Arch. Myriam B. Mahiques Curriculum Vitae

Saturday, April 3, 2010

Filippo Brunelleschi and the City

The city of Florence from the Duomo. From

Filippo Brunelleschi was born in Florence in 1377. We know nothing of his life before 1398, when, at the age of 21, he was admitted as a goldsmith to the Silk Guild. Little is known again until about 1418, the date of the competition for the model of the dome for the Cathedral. The recorded information, together with evidence derived from his works, has led to the recognition of Brunelleschi as a man of ¨universal¨genius. According to Manetti, his biographer, he was än architect, mathematician and excellent geometer, as well as a sculptor and painter.¨ He has invented various machines for constructing buildings (he utilized his goldsmith´s knowledge of clocks and bells which functioned with multiple gears moved by counterweights); he was a military, naval and hydraulic engineer; he made projects for theatrical performances and musical instruments; he studied Dante´s Divine Comedy, and achieved a deep understanding of its structure and significance.

Philippo Brunelleschi. Image from

The earliest works by Brunelleschi known to us are goldsmith work and sculpture: parts of the silver altar in the Cathedral of Pistoia; the group representing thea angel Gabriel and the Virgin of the Annunciation for the Porta della Mandorla on the Cathedral of Florence; and the relief panel of 1401. These works already reveal his personal break away from the elegant, rhythmic and self-contained equilibrium of Gothic sculpture in favor of a more dynamic conception in which forms creates its own space. Despite Brunelleschi´s evident mastery of sculpture, sculpture was either excluded entirely from his architecture of strictly subordinated to it. At the same time, his sculptural sense is clearly manifested in the strength and importance of his ribs, cornices, capitals, etc.
In the years 1420 to 1446, Brunelleschi single-handedly created a new architecture, proceeding from his experience of Classical, Romanesque and Gothic architecture and utilizing his own personal solution of the problem of perspective, conceived as knowledge ¨per comparatione¨ (Alberti). His achievement appears all the greater if we consider that very few of the buildings which he planned and began were actually brought to an advanced state of construction of completed before his death. His work marked a decisive moment in the history of architecture and urban design in general, and in the relationship between the artist and the community.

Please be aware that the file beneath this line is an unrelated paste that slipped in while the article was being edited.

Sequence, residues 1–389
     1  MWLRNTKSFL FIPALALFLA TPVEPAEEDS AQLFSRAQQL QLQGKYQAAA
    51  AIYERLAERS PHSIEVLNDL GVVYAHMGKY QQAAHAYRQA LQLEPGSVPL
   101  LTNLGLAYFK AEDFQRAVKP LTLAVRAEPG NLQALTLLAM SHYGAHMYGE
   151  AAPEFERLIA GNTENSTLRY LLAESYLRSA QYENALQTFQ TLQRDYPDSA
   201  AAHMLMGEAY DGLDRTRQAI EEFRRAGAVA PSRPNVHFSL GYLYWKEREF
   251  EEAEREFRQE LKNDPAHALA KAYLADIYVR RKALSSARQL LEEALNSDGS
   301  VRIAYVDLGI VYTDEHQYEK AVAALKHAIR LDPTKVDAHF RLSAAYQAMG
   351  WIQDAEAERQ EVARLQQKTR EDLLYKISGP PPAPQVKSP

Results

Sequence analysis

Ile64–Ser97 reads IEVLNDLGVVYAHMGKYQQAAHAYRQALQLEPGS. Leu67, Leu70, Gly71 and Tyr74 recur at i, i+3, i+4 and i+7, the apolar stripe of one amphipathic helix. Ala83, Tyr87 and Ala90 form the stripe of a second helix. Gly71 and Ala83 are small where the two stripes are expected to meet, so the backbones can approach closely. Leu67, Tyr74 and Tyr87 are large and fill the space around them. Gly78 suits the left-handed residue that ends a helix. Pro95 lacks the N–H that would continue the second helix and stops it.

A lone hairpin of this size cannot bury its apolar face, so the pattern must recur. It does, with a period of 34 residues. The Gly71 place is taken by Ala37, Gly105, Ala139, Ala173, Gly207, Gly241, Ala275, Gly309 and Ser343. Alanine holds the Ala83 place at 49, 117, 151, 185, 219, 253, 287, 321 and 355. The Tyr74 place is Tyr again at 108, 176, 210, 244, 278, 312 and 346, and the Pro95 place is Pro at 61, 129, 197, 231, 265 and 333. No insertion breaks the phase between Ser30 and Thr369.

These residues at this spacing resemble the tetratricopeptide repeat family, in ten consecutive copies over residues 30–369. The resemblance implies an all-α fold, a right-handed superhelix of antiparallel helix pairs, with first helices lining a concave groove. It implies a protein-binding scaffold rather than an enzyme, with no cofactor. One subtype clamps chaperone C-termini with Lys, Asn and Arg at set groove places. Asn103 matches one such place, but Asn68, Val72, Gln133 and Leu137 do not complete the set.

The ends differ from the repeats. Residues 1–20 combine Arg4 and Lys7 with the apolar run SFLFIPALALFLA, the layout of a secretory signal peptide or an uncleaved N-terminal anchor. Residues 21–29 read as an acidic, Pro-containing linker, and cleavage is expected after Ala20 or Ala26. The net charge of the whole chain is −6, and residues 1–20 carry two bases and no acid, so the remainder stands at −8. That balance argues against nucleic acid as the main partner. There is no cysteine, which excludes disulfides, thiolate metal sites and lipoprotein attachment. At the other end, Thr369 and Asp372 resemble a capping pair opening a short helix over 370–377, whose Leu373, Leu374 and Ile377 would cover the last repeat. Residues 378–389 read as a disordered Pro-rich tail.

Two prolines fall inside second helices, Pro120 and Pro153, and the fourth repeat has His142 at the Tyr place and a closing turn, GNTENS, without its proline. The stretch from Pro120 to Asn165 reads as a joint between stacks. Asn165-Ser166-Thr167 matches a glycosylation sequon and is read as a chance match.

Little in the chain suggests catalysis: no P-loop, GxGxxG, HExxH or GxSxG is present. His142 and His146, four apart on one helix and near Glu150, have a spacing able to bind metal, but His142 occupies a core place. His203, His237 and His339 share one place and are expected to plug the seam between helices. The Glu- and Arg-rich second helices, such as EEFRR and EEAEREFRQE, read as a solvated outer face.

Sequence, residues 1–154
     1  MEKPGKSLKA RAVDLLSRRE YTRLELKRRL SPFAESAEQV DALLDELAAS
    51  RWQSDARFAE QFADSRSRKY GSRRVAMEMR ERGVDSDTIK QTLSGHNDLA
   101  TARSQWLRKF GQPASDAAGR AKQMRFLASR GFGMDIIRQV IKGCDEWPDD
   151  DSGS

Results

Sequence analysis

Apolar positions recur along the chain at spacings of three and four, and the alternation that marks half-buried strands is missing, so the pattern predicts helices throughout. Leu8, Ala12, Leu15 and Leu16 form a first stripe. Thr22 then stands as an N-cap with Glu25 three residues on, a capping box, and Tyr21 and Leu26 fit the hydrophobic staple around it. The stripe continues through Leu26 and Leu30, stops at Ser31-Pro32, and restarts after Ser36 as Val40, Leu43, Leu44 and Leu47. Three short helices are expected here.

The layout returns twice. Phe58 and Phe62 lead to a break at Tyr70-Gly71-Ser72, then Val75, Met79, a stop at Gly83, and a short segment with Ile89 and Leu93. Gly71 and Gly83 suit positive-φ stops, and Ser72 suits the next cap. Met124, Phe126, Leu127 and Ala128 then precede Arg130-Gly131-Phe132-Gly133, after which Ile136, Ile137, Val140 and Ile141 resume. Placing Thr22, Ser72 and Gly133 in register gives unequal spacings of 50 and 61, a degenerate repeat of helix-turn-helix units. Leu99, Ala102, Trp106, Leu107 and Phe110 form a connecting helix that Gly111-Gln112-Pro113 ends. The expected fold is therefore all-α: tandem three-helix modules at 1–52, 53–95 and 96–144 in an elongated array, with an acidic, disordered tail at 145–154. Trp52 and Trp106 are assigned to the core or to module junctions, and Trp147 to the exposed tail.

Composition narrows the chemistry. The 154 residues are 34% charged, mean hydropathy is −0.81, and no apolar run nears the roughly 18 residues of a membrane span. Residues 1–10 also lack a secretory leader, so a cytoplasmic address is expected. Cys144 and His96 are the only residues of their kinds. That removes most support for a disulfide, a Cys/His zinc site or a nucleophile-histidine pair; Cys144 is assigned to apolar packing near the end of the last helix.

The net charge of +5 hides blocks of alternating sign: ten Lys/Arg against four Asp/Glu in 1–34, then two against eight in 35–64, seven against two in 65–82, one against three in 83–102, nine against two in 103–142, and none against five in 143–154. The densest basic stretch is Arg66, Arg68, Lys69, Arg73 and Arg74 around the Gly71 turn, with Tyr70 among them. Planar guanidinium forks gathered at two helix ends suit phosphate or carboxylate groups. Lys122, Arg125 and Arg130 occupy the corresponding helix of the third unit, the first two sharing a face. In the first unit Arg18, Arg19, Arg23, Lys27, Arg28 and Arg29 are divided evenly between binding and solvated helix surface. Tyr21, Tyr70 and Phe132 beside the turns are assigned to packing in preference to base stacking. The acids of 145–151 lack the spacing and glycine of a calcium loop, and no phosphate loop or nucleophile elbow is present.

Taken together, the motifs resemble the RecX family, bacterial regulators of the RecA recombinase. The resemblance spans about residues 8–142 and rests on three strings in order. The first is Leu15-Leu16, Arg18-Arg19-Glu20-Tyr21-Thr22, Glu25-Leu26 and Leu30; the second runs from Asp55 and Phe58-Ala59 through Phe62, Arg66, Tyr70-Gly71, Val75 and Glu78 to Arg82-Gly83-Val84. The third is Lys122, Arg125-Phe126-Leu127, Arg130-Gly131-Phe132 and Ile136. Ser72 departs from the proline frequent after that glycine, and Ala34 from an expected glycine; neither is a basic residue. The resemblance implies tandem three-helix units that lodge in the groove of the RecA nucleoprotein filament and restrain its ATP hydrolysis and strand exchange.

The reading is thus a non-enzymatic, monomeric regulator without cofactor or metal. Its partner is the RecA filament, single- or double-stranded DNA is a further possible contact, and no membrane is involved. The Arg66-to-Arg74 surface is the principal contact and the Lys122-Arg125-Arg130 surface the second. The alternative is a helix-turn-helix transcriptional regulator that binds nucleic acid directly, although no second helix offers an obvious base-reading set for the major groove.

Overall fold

Brunelleschi´s works were conceived for an urban context. Indeed, the outer perimeters of the city had been defined, and a dome for the Cathedral has been foreseen by Arnolfo. Brunelleschi´s reconstructions of San Lorenzo and Santo Spirito could be interpreted as ¨modern¨ versions of medieval ecclesiastical buildings and Piazza Santissima Annunziata as a cloister transformed into a piazza. But his structures, considered both as units and in their reciprocal relationships, created a new articulation of medieval Florence based on rational, geometric order. Moreover, this order organized not only specific areas within the city, but also the city as a while with respect to its surrounding territory.
Brunelleschi conceived the city as a new rational entity in which everything, even the past, took a new meaning. A new kind of city-planning became possible: articulated, yet unified and ordered according to a rationally planned hierarchy, and logical in every part. Far from ignoring the medieval city, in fact, taking it as his starting point, Brunelleschi re-cast the entire preceding tradition in terms of a new vision which inverted and profoundly changed its significance. In this sense, Brunelleschi´s project for a piazza facing the river for Santo Spirito was an example; the church was no longer seen as the central point in the surrounding urban disorder, but as the focus of a radical reorganization of the quarter within the total urban context. In the medieval town the river, for example, had only a functional role, which concerned separate and independent stretches of it. Instead, Brunelleschi thought of the river as a major structural axis. It is really due to the work of Brunelleschi that Florence, although it is still basically medieval, has been considered a Renaissance city ever since the 15th century, when the humanists looked on it as an example of the ideal city.

Text slightly adapted from the book Brunelleschi, by Giovanni Fanelli. Special edition for Becocci Editore. 1988. Florence.

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